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'What is narrative' by Dr Norm Erber

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What is narrative?
A narrative is a story that describes a sequence of related events. Most simple stories follow a cause-and-effect pattern, with a beginning, middle and end (e.g. Mr Crow can’t read a sign. He puts on his glasses. Now he can see.)
A longer story usually includes more details, such as a situation, point of view, theme, goal, and plot development. A typical narrative contains:
  • Setting/orientation: the main characters are introduced
  • Initiating event: a problem or complication occurs
  • Intent: the characters are motivated to correct the situation
  • Implementation: they try to resolve the problem or eliminate the complication
  • Resolution/consequence: a physical, psychological, or emotional change occurs
  • Final condition: there usually is a return to stability or calm.
Why is narrative important?
Many children’s books and television programs contain stories. Early exposure to stories helps a child develop related forms of communication such as description, instruction, and persuasion.  Story-telling helps the child develop centering (relating content to a main character or concept) and chaining (linking events in a sequence). These narrative skills are essential for the organisation of conversation.
How can you help the child learn?
To understand, recall, or tell a story, a child must have language, memory, and thinking skills - and also familiarity with the structure of stories. You can help the child develop these skills:
  • Read to the child and/or watch television together. Talk about the content. Relate what happened to the child’s own life and experiences.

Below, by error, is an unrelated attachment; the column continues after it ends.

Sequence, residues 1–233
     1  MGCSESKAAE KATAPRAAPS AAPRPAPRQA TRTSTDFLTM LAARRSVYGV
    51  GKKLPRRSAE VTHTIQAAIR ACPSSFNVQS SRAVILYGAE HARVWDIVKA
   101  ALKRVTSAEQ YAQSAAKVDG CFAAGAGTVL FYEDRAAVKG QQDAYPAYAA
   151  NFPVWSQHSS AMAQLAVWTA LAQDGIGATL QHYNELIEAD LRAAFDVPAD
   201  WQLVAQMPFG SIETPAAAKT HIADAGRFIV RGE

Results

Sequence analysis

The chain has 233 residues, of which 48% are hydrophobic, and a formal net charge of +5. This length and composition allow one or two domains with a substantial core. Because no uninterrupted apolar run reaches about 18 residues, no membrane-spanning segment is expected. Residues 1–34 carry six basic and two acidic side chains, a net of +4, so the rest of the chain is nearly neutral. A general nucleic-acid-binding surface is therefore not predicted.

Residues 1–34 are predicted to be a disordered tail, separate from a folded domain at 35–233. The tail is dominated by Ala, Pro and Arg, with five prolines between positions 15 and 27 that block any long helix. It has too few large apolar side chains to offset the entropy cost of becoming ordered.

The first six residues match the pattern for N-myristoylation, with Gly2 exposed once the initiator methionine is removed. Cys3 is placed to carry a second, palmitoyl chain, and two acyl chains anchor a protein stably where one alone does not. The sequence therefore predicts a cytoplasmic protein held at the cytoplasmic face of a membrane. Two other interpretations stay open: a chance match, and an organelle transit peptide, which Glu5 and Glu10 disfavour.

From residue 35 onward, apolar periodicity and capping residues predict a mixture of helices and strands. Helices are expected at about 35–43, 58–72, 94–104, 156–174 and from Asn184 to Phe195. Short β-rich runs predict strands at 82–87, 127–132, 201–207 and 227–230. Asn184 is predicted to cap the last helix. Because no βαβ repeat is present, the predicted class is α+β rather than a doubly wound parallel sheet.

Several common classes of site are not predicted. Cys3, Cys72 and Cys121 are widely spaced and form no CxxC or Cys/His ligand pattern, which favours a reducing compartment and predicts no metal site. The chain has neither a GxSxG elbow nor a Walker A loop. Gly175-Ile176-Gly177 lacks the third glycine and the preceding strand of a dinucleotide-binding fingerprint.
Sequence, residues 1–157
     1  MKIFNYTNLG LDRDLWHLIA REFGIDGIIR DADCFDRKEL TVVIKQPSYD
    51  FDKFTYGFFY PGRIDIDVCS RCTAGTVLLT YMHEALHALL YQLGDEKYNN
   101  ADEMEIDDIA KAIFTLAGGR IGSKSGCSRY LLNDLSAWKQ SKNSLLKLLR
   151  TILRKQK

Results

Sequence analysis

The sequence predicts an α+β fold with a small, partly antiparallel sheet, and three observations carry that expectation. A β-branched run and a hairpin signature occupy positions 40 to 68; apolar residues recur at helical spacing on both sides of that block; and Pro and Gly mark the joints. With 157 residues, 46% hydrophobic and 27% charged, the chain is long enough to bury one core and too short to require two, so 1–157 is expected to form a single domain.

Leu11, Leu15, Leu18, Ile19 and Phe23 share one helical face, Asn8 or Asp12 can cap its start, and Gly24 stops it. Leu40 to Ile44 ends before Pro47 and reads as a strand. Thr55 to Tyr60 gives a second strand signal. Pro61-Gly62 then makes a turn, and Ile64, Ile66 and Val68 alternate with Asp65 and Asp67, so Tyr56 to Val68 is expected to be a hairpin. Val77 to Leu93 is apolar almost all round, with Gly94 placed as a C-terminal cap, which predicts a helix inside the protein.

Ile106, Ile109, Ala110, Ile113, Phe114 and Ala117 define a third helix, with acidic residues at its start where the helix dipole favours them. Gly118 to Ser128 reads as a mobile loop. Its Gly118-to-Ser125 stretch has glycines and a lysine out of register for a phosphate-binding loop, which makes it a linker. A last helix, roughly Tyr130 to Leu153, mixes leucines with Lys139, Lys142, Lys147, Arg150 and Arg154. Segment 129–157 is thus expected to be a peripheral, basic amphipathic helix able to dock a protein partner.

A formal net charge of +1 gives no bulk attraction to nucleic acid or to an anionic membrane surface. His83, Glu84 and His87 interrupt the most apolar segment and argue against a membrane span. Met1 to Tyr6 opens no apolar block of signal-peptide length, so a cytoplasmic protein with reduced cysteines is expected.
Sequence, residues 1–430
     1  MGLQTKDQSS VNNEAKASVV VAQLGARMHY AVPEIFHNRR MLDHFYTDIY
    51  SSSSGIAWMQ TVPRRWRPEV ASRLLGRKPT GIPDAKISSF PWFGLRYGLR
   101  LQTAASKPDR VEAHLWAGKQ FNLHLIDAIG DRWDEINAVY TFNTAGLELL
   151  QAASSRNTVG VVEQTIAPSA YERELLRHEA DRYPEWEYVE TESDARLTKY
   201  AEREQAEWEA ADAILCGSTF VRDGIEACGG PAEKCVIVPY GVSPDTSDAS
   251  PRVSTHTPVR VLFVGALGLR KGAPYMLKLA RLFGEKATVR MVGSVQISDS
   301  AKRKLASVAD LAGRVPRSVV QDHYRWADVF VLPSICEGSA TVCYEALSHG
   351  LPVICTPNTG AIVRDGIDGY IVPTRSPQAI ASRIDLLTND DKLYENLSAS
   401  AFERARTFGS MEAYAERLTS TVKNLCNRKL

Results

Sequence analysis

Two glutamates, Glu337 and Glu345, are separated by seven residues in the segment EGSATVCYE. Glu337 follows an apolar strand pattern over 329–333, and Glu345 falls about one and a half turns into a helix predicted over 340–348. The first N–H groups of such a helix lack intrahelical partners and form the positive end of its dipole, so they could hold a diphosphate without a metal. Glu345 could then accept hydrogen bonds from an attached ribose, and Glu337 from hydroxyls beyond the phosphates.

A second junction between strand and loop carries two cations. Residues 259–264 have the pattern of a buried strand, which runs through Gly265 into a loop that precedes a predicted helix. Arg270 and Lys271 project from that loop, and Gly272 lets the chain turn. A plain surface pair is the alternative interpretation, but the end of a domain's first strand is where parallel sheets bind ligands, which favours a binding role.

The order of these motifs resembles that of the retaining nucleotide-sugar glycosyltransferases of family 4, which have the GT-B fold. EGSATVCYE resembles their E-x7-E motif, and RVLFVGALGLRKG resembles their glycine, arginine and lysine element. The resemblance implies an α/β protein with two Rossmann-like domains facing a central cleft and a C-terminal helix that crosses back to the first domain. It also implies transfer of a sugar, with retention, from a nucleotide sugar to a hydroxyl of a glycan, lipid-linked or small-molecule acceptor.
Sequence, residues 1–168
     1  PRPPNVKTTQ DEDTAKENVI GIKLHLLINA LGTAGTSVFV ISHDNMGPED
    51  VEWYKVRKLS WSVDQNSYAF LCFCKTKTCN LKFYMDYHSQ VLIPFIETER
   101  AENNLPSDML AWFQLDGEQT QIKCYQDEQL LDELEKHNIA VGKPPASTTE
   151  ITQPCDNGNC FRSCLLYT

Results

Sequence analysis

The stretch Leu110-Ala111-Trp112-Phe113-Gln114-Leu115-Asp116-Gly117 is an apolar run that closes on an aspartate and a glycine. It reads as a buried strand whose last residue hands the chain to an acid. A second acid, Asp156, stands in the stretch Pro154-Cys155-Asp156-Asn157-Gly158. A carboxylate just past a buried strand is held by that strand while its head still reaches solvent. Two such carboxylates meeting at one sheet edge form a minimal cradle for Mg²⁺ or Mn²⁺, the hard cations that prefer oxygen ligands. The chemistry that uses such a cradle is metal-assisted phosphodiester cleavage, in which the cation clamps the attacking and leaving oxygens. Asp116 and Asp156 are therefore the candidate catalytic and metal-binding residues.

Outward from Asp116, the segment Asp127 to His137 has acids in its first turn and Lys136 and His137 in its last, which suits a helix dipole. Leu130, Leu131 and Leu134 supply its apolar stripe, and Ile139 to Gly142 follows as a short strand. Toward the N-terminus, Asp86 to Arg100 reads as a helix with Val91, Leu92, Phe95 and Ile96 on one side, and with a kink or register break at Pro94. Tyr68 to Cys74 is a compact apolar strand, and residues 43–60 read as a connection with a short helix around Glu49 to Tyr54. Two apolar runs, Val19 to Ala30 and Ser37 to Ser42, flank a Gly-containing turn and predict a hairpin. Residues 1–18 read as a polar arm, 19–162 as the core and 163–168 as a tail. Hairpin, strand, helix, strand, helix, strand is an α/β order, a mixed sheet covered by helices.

• Recall familiar events. (“Do you remember what happened when you lost your ticket?”)
  • Describe your day (“Today, I went shopping. I bought something special for you…”)
  • Ask the child to tell about a recent experience (“What did you do at Lisa’s house?”)
  • Observe or do something together (e.g. visit a park) and ask the child to recall what happened. (“How did the blackbird find a worm? … Why did the baby cry? … Who chased the dog?”).
  • Ask the child to describe a favourite television show (“What happened first / in the middle / at the end?”).
  • Talk about significant family events (“When you were three, we went fishing. Daddy caught a big fish. You caught a little fish. I didn’t catch anything.”)
  • Encourage the child to make up fantasy stories (“If you could fly, where would you go?”).
  • Demonstrate centering in story content and chaining a sequence of events (“Jack was late for school. He ran too fast. He tripped on a stone. He hurt his knee…  Why did Jack fall?”)
  • Help the child understand what other people might want, think, or feel in a particular situation (“Jenny looked in the window. She saw a chocolate cake, some sugar biscuits, and six blueberry muffins. What was Jenny thinking? What did she want? How did she feel?”)
  • Use role-play to act out simple narratives. (“I’ll be the woman at the ice cream shop, and you…”)
  • Show a related picture to help the child remember (“Look … who’s that girl on the bicycle?”)
  • Ask a related question to prompt the child (“… and what happened when you found the spider?”)
  • Incorporate information into a narrative to increase understanding and recall (“Do you remember what happened when we forgot to water the lettuce in the garden?”).
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